With their nerdy propensity to create the types of polyrhythms and staccato riffs known only to extraterrestrials and the Swedish masterminds in Meshuggah, bands labelled as “Djent” (the winner of the stupid genre title award) tend to forget the importance of injecting intensity into their music. Pushing the boundaries of technical musicianship was and still is of fundamental importance to Meshuggah, but so too is maintaining terrifying levels of aggression; a lesson learned from the thrash metal bands Meshuggah looked up to during their formative days at the tail-end of the ‘80s. It now seems as if the bands littering – and often defecating on – the post-Meshuggah landscape are too preoccupied with their 50-string guitars and what the guys in Periphery and Tesseract are doing to acknowledge and implement this essential songwriting ingredient.
The basis for the creative development of Periphery and Tesseract boils down to the fact that both bands have peered past the glare of their base influence and have moved in more melodic directions, adding definition to their sound. And yes, neither band is what you would call “intense” yet they still intrigue in their own way, but they’re exceptions to the djent rule. For that reason, a gap still remains the metalwork for a band who utilizes the lurching chokeholds that Meshuggah patented while adding nuance and raising the intensity of their music to blood-boiling point. And the British band Heart of a Coward may just fill that weeping void, because Severance, their second album, is full of staccato-heavy riff storms and their intensity, taken straight from UK hardcore, is tangible and at times, shockingly so.
Severance is a sizable step up from their 2012 debut Hope and Hindrance, an album that did nothing to suggest that these guys would smash through the scene like they have done a year later. What makes this album worth your time is that, like Periphery and Tesseract, Heart of a Coward refuse to just unimaginatively embezzle Nothing’s ground-splitting grooves, though similar mechanical syncopations can be heard throughout: most distinctly during the monstrous “Mirrors”. Additionally, the young British band are well versed in eerie, Deftones-esque melodicism, as “Distance”, featuring ex-SikTh vocalist Justin Hill on crooning duties, proves: The song vaults between graceful gestures and unpredictable outbursts, interposed by an explosive end-breakdown created to rattle every tooth in your head.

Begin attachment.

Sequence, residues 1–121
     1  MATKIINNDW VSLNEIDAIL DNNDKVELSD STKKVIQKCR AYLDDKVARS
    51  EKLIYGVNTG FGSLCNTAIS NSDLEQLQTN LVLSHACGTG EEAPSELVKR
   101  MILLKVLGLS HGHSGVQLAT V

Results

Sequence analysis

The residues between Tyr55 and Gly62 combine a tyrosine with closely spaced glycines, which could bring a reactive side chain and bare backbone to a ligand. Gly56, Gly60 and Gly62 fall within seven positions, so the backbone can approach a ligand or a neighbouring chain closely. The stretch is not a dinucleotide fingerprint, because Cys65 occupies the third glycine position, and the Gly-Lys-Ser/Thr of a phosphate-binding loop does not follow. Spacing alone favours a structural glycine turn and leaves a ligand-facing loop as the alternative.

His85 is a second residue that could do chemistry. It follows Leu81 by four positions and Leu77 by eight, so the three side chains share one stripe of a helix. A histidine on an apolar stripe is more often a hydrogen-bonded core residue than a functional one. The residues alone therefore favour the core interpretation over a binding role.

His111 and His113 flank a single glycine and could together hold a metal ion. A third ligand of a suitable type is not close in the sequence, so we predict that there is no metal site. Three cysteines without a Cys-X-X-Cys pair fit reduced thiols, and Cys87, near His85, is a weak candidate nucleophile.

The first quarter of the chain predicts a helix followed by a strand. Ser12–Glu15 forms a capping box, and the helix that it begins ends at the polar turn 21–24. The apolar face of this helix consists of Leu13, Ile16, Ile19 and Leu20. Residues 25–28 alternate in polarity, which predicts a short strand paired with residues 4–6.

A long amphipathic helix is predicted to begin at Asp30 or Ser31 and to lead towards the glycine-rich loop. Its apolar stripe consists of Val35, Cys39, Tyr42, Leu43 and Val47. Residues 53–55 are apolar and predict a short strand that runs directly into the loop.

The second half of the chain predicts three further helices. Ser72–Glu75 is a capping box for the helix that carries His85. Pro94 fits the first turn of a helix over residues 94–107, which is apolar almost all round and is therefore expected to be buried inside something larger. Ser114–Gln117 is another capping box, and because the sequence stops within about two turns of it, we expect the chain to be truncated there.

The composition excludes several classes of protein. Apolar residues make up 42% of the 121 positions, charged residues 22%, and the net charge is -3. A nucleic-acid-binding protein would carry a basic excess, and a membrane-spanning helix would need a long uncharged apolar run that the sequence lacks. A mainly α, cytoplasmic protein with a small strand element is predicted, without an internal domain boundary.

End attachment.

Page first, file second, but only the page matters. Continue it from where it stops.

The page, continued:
Heart of a Coward are also adept at layering ethereal guitar lines on top of those perma-contorting, chromatic riffs and jackhammer rhythms we’ve come to know all too well. Bind all this together and it produces a huge sonic boom heard the moment “Monstro” startles all with its opening whip-crack drum fill. The boom continues to reverberate with “Prey”, a song fuelled on the same fiery angst Slipknot have mined to great success in the past; its chorus out-soaring Architects’ recent attempts at flying high. Metalcore executed with zeal forms the groundwork for “Nauseam”, and “Deadweight” is brimming with hardcore beat-downs accentuated by the apoplectic grooves that signal its beginning. And while breakdowns are bountiful during “Deadweight” and throughout Severance in general, because they are discharged with seismic force and the transitions to and from are invisible, very rarely does it sound as if the breakdowns are being shoehorned into the songs to disguise a lack of songwriting imagination or direction.
Vocalist Jamie Grahams (ex-Sylosis) plays a considerable role in blending each staggering transition. His passionate performance – with welcome enunciation – matches the might of the music and gives stability to the tempo changes of songs like “Psychopant” and “Desensitise”. Interestingly, his role in the band never takes away from the off-kilter mechanics of the guitars and drums: His death-growls and larynx-purging shouts act as an added percussive punch to each bulldozing movement, and he is also talented enough to emit fantastic choruses of the Killswitch Engage variety, best highlighted by “Desensitise”.
Such purpose, poise, power, and panache are not attributes you would often associate with a band at such early stages of their development, but Heart of a Coward firmly hold all of these traits within their grasp. Because of the amount of confidence resonating off of Severance, it’s difficult to find a whole lot of fault with this album – although the lyrics can come across as trite at times and your actual enjoyment will hinge on the level of tolerance you have for both djent and metalcore. But even if you despise the banality that riddles each of those genres, this Milton-Keynes mob’s vehemence might just change your opinion, as their second album callously severs the ties between the band and the plethora of djent/metalcore also-rans prowling around the United Kingdom at present.